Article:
As the Year Fades to Memory

The last day of 2011. I must say, I found it a pretty decent year overall, certainly a far better one than its predecessor, at least as far as my life was concerned. Left plenty of room for improvement, of course, but then nothing is perfect.

I’m not one for resolutions. Those lists seem more designed to court failure than to encourage success. That doesn’t mean I don’t plan for the future, but it’s more along the lines of a business plan, with goals for each quarter and set dates where I reassess my progress, and I take into account both work and my personal life.

As always, I have lists of things left undone, or that I wish I’d done more of over the course of the year. Naturally I wish I’d read more books, but that’s a pretty constant wish, regardless of how many books I manage. I’d have liked to have taken a real vacation instead of snatched days or long weekends, so that’s something on the to-do list for the year ahead.

Thinking about highlights of this year, I attended some fabulous conferences, including the Santa Barbara Writers Conference for the first time, and the Surrey International Writers Conference for the third. The RWA National Conference was in New York City this year, which was a terrific, busy and hectic experience. I met some wonderful writers, both published and unpublished. I signed some lovely new clients. On a personal level, I lost some weight and ran my first 5K. Good friends had a baby, and another friend got married and is now expecting. And — big surprise — I read some fabulous books.

This blog saw a move from Live Journal to its new home here on Word Press, and I think it’s been a good change. Thanks to everyone who made the move with me, and to those of you who have stumbled my way since. I hope you find these posts fun and informative, and that I am helping to encourage your progress as writers and readers, and to make agents seem a bit more approachable. We’re really just people who love reading books so much that we found a way to get paid to do it.

A final congratulations to those of you who have taken my December writing challenge. I’d love to hear how it went, whether you managed to write 29 out of the 31 days or less (or more!). Please share your experiences here in the comments. And those of you who didn’t participate, please feel free to chime in and offer your congratulations to all the ambitious writers.

Wishing you all a wonderful, productive, and joyous 2012! See you in the new year.

Links to End the Week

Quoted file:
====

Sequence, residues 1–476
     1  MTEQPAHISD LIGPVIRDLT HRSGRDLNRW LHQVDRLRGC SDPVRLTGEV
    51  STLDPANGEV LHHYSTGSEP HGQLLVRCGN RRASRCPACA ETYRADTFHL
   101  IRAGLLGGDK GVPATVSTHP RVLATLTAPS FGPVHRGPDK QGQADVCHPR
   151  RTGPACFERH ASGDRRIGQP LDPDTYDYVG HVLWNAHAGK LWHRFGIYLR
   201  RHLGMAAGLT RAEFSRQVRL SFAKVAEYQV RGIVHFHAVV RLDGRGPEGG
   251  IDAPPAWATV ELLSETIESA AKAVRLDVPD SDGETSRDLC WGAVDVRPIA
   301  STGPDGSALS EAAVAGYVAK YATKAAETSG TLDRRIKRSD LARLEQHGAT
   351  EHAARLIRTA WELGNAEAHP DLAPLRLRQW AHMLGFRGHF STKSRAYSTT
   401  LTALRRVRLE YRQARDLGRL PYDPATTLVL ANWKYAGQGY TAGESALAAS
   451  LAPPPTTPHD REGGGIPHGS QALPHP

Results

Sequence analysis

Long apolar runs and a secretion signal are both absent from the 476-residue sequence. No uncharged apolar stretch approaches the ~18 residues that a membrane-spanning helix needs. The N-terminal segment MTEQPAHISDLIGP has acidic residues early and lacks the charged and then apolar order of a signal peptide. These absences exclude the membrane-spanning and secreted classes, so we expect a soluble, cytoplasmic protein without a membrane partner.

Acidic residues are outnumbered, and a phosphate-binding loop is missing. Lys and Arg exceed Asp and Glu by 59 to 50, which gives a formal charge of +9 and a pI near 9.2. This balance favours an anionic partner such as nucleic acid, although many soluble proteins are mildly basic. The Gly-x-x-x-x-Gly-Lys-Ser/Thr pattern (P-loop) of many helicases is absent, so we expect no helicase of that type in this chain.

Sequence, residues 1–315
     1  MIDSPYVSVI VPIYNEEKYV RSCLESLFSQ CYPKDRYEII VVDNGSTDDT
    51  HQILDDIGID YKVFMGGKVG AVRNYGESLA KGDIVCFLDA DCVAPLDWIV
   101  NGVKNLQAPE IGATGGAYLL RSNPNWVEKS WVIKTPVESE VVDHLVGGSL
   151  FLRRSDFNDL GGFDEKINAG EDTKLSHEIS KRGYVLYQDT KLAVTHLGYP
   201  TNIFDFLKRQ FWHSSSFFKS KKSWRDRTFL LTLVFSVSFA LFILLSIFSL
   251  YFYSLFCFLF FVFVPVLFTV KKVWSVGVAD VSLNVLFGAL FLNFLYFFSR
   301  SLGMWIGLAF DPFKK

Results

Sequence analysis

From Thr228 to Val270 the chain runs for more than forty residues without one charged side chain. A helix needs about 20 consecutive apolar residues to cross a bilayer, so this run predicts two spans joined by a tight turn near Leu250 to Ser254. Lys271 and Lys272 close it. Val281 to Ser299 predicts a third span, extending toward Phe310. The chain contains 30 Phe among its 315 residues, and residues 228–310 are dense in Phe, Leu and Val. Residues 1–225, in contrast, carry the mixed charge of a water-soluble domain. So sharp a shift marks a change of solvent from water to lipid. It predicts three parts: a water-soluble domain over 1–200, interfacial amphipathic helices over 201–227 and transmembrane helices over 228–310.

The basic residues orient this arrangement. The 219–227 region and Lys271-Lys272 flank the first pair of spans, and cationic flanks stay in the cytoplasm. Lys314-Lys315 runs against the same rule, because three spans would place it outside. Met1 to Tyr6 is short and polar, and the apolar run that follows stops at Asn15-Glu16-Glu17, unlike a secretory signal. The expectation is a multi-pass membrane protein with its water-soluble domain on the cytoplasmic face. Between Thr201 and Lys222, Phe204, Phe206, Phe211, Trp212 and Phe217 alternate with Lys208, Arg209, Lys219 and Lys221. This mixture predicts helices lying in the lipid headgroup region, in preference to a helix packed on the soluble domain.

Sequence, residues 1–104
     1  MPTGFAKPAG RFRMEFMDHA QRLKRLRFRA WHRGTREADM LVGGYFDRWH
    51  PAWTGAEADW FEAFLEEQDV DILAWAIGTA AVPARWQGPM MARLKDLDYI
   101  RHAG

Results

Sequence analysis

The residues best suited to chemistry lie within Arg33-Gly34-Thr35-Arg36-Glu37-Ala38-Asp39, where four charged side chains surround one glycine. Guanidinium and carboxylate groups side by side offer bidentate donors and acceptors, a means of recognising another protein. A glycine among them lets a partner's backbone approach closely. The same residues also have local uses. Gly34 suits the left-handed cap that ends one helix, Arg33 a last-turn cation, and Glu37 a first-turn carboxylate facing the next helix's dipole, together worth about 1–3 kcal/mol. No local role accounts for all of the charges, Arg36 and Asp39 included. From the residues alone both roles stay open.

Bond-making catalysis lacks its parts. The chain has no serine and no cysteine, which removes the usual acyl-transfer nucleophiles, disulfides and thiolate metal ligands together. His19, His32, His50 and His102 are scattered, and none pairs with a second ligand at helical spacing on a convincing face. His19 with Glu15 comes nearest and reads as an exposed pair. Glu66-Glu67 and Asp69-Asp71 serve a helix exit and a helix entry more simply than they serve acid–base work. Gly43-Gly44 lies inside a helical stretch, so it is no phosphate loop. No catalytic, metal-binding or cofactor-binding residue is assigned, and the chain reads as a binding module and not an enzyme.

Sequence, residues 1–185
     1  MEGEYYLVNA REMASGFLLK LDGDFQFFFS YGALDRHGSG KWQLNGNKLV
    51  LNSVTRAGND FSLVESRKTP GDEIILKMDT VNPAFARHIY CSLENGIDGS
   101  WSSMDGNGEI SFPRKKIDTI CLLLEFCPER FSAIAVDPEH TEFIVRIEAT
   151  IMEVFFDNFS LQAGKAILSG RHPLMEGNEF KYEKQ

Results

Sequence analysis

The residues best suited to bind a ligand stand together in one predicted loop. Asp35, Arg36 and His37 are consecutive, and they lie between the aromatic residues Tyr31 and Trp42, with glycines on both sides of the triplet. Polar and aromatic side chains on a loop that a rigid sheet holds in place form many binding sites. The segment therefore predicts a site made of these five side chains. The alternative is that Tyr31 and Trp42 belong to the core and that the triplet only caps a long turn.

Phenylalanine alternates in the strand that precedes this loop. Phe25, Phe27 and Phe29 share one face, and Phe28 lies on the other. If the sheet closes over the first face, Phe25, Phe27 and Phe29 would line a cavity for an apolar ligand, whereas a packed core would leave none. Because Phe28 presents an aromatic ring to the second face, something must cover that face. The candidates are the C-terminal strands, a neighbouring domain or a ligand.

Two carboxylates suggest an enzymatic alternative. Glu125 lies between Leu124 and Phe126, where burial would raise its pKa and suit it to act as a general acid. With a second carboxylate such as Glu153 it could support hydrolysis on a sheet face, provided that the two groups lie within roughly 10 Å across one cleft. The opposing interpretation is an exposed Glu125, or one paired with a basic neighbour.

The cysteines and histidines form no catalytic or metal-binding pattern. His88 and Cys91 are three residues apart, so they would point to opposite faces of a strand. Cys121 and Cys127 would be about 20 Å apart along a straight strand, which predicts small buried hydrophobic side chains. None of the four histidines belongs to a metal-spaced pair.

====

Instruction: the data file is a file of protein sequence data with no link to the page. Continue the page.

Technically these are also links to end the year, but I don’t feel like they’re quite that earth shattering, so I’ll be back tomorrow with a final post for 2011. In the meantime, I hope you’re all enjoying these last few days before 2012 rolls into town, and that the holiday season has treated you well.

Writers participating in my challenge for December, bravo to all of you for your progress. Even if you missed a few days here and there, it sounds as if many of you accomplished far more this month than you might have otherwise, which was just what I was hoping to inspire. Check back in January for additional pep talks to keep you going when your motivation feels a bit sluggish.

Without further ado, some links for your entertainment. Enjoy!

7 Creepiest Abandoned Zoos on Earth – Not particularly related to writing, but these images are just too intriguing not to share. And who knows, they might spark some writing inspiration!

Outlining Ghostbusters – An interesting look at the story structure of the film, much of which applies to any type of narrative.

Graphic Novel App Brings Dickensian London to Life – As a big lit dork, I find this fascinating.

The Best Books of 2011 You Haven’t Read – Some interesting, different reading suggestions.


Hump Day Pep Talk

The holidays have a way of eating your life. I know something about visiting my parents’ house — sleeping in and hanging out in the kitchen with my mother — sends me back to my adolescence when vacation meant lounging like a lump and enjoying the relative lack of homework. I always intend to get more done, but then my mother puts on the tea kettle and waves some sort of pie under my nose, and I’m gabbing until 2 a.m. and ignoring the stack of books on my nightstand.

It works in reverse, of course, as well. If people visit me, I go into hostess mode and it’s hard to take time away from them to do anything beyond what’s necessary. Plenty of opportunities to catch up once they’ve gone and I’m scheduling my day on my own terms again. That’s part of what it means to entertain, at least for me.

All this is my way of saying that I am well aware how difficult it can be to find time for your writing during the holidays, especially if you’ve yet to publish and don’t have deadlines to wave in people’s faces to prove you need to pay attention to your work each day. I suspect that as much of a challenge as it was to write daily while going to your job and prepping for holidays and taking care of families, it’s been much more challenging this past week or so. And so I applaud all of the writers who have taken on my challenge to write every single day in December, with only a couple days off for holiday time or scheduling crunches. It was an ambitious undertaking, no matter how accustomed you are to writing daily already, and you deserve gold stars and cookies for your efforts.

Have you already used your two days off for December? That means you need to write your way into the new year. We’ve only a few days remaining to 2011, and I am a firm believer in setting the mood for the year to come with your actions at the end of the old one. If you can continue to write through December 31st, you’ll find writing daily — or at least regularly, per your own schedule (though I maintain that aiming for every day will do wonders for your work) — easier to achieve. I’ve frequently heard writing compared to exercise, where you need to work the muscles to build up your strength and endurance. Now is the time to flex those writing muscles and to prepare for the writing year ahead.